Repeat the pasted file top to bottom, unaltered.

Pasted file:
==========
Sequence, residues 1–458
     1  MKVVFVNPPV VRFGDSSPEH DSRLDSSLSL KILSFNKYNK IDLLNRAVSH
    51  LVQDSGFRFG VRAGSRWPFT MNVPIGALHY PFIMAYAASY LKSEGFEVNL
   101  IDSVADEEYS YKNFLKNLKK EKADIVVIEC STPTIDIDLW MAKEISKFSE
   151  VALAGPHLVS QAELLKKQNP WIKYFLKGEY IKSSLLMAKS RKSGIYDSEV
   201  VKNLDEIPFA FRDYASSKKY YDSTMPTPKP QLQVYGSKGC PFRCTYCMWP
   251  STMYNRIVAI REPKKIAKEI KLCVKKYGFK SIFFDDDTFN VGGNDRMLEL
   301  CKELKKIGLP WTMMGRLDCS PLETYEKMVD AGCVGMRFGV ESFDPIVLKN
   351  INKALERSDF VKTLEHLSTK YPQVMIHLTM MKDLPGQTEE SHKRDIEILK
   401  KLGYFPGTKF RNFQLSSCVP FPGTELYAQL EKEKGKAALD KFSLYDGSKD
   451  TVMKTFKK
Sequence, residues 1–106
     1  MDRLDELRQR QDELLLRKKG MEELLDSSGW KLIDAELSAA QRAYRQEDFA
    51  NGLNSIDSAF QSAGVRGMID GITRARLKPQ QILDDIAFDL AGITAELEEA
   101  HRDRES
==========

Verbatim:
Sequence, residues 1–458
     1  MKVVFVNPPV VRFGDSSPEH DSRLDSSLSL KILSFNKYNK IDLLNRAVSH
    51  LVQDSGFRFG VRAGSRWPFT MNVPIGALHY PFIMAYAASY LKSEGFEVNL
   101  IDSVADEEYS YKNFLKNLKK EKADIVVIEC STPTIDIDLW MAKEISKFSE
   151  VALAGPHLVS QAELLKKQNP WIKYFLKGEY IKSSLLMAKS RKSGIYDSEV
   201  VKNLDEIPFA FRDYASSKKY YDSTMPTPKP QLQVYGSKGC PFRCTYCMWP
   251  STMYNRIVAI REPKKIAKEI KLCVKKYGFK SIFFDDDTFN VGGNDRMLEL
   301  CKELKKIGLP WTMMGRLDCS PLETYEKMVD AGCVGMRFGV ESFDPIVLKN
   351  INKALERSDF VKTLEHLSTK YPQVMIHLTM MKDLPGQTEE SHKRDIEILK
   401  KLGYFPGTKF RNFQLSSCVP FPGTELYAQL EKEKGKAALD KFSLYDGSKD
   451  TVMKTFKK
Sequence, residues 1–106
     1  MDRLDELRQR QDELLLRKKG MEELLDSSGW KLIDAELSAA QRAYRQEDFA
    51  NGLNSIDSAF QSAGVRGMID GITRARLKPQ QILDDIAFDL AGITAELEEA
   101  HRDRES